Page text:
The UN Guiding Principles on Business and Human Rights provides clarity on the different roles of states and businesses with regard to human rights. States are responsible for protecting against human rights abuse within their territory and ensuring access to the full range of human rights. Businesses are expected to respect human rights, while also observing local laws that are set by the state and providing access to remedy following any breach of human rights. One of the main challenges that businesses face is in meeting these two expectations when operating in countries in which the state is not performing its role effectively, or where local laws contradict one or more of the principles set out in the Universal Declaration of Human Rights. Situations of this type present businesses with a challenge, as they aim to meet the high expectations of their customers and other stakeholders – while also observing local laws. At Henkel, our response to challenges of this type is built around two pillars: Driving risk mitigation through involvement in industry and stakeholder initiatives, and building constructive relationships with governments and other stakeholders to avoid negative impacts while working within the law.

Businesses also face challenges in defining their sphere of influence: The trend toward increasing globalization brings with it increasingly complex supply chains. Many companies purchase raw materials that have been through tens or even hundreds of processing and handling stages around the world before arriving at their production site – and these multiple stages often present challenges in terms of tracing materials back to a definite point of origin. For this reason, companies seeking to eradicate breaches of human rights from their entire supply chain face challenges in defining how far back they are able to exercise influence.

At Henkel, we engage with our suppliers to drive sustainable practice and promote respect for human rights along the value chain. For example, we work with partners from across the chemical industry through our membership of Together for Sustainability (TfS), the chemical initiative for sustainable supply chains. Henkel joined forces with five other companies in the chemical industry to establish this initiative in 2011, with the aim of harmonizing supply chain management processes with regard to environmental and social topics – and generating synergies across the chemical industry. Suppliers only have to go through one assessment or one audit, and the results are made available for all TfS members through a shared online platform. By 2016 the number of members had grown to 19.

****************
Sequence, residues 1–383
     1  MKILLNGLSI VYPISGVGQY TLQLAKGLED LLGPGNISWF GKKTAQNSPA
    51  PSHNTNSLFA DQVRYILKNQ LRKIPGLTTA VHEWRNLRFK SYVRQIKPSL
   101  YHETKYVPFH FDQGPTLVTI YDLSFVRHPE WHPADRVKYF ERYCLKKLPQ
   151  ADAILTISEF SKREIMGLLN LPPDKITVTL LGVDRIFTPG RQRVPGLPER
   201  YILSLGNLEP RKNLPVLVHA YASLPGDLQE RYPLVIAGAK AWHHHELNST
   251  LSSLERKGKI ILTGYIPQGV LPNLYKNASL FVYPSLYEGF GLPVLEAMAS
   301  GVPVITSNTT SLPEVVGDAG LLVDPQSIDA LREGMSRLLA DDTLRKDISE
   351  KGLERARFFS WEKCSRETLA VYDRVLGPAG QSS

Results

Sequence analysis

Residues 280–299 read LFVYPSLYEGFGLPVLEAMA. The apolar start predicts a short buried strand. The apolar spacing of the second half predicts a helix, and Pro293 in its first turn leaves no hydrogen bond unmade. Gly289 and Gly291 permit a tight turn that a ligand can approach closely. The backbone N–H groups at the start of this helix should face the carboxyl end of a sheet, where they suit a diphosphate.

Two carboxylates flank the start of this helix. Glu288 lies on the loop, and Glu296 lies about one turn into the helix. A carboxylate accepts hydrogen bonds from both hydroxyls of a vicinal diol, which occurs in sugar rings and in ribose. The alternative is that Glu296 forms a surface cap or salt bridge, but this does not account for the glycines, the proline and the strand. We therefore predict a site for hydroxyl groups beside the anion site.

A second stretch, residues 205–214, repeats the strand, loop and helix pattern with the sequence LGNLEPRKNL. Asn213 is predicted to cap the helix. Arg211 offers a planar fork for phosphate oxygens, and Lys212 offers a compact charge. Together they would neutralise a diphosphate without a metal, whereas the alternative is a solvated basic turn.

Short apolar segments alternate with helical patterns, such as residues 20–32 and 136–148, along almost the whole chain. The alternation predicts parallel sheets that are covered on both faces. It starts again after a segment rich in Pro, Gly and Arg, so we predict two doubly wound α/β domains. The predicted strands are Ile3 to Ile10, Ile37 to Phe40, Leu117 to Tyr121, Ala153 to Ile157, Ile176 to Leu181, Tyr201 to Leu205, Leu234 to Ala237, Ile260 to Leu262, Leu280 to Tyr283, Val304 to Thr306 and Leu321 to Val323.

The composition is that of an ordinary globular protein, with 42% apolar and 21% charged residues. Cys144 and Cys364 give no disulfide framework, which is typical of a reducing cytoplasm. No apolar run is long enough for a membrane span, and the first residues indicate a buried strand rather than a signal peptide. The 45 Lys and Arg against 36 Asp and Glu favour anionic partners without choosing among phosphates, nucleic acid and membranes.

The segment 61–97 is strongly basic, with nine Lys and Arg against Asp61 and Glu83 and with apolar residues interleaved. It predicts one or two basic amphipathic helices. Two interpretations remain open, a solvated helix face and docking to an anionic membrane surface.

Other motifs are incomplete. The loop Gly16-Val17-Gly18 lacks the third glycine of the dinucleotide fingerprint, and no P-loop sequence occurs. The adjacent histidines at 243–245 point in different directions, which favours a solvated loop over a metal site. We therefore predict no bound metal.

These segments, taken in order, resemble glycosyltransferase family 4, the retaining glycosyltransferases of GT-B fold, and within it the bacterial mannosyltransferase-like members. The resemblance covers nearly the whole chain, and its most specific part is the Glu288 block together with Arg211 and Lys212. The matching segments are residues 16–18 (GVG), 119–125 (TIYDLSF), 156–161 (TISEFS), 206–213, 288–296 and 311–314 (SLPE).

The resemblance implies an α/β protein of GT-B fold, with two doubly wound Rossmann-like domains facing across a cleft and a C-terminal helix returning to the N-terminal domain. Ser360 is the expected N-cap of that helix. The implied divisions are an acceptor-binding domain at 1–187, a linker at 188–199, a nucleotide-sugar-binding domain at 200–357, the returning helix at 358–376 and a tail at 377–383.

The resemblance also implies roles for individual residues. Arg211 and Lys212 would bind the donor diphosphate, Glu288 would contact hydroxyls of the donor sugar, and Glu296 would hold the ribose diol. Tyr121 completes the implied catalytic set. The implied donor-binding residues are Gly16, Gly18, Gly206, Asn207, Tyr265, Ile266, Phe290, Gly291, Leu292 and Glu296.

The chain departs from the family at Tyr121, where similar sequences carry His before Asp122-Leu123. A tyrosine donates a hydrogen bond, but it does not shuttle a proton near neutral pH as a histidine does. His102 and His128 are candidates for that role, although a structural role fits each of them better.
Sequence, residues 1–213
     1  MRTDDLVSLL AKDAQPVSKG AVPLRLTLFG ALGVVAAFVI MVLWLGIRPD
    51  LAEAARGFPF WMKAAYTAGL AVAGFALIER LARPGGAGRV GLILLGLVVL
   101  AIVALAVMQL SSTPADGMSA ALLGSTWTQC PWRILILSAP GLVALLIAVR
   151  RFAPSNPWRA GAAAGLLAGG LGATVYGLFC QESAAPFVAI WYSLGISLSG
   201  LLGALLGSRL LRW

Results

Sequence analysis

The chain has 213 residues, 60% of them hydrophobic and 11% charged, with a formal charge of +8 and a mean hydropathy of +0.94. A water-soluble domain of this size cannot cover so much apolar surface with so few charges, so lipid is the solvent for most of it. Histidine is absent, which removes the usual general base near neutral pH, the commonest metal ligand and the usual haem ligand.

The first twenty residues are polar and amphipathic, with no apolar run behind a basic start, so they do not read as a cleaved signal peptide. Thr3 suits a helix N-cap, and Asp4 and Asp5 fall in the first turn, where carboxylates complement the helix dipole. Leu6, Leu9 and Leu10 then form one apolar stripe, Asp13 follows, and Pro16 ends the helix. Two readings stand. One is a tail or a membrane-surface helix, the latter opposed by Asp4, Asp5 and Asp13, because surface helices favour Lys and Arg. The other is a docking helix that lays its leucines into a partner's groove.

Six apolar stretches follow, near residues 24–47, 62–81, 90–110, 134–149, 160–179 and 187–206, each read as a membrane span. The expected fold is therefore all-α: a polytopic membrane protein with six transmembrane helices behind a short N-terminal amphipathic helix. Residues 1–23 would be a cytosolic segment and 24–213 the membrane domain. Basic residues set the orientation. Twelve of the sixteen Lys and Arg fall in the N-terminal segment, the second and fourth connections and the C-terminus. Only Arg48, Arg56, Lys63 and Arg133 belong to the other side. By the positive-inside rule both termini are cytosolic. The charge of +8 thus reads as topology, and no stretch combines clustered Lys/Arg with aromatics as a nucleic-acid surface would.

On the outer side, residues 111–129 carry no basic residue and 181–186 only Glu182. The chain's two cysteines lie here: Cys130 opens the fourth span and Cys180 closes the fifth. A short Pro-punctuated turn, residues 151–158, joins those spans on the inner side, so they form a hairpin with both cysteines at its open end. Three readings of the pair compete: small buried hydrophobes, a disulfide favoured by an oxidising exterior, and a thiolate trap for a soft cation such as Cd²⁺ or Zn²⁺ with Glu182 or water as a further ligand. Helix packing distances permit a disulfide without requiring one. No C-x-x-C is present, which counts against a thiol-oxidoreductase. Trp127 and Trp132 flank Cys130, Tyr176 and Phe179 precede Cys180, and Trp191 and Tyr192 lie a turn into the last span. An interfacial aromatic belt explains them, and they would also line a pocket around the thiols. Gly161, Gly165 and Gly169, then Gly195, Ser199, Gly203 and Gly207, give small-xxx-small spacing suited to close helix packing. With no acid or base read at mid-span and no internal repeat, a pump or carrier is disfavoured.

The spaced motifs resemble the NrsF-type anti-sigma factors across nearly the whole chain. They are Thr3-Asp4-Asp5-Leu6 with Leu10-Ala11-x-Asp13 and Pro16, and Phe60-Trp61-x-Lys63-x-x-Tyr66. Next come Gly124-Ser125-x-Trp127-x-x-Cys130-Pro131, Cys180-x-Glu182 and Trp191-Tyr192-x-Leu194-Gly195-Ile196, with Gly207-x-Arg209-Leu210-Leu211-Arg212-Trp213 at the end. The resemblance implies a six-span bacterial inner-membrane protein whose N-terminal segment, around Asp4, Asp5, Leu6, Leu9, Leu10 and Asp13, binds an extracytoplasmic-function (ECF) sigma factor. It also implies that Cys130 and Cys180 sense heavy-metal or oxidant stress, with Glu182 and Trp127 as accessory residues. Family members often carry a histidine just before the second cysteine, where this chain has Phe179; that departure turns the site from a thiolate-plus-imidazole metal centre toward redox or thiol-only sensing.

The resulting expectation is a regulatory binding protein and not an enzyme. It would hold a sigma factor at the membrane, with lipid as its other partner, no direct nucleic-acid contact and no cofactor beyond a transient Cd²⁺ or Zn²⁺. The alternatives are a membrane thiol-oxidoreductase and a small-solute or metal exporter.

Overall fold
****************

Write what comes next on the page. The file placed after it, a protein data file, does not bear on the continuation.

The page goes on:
You can find more information about Together for Sustainability in our Sustainability Report.

We implement our commitment to respecting human rights through our set of comprehensive codes and standards. These provide our employees, customers, suppliers, investors and the communities we operate in with a clear definition of the ethical and social values we uphold. They also provide a framework for decision-making and engagement within our sphere of influence worldwide, alongside local legal requirements. We are committed to strict adherence to international labor standards as a minimum, and local statutes where these are more exacting. Our codes and standards cover topics ranging from working hours, non-discrimination, and compensation and benefits through to maternity leave, freedom of association and collective bargaining, and zero tolerance of child labor and forced labor. Henkel has shaped its codes and standards in line with relevant expectations for our specific business, and we regularly review these documents to ensure that we conduct business in a way that reflects our commitment to support and respect the protection of internationally proclaimed human rights. You can find an overview of how we integrate human rights expectations into our codes and standards below.

Our key policy documents include:

Code of Conduct: A set of guidelines for Henkel employees’ behavior, based on our Vision and Values, and also encompassing the UN Global Compact. It aims to ensure ethical conduct in all daily business, strategic planning and decision-making.

Code of Corporate Sustainability: A set of rules that aligns Henkel’s business operations with its commitment to leadership in sustainability in all countries in which we operate.

Social Standards: Defines the ethical and social values we respect, as well our commitment to uphold human rights across our business operations worldwide. This underscores our commitment to strict adherence to international labor standards as a minimum, and local statutes where these are more exacting.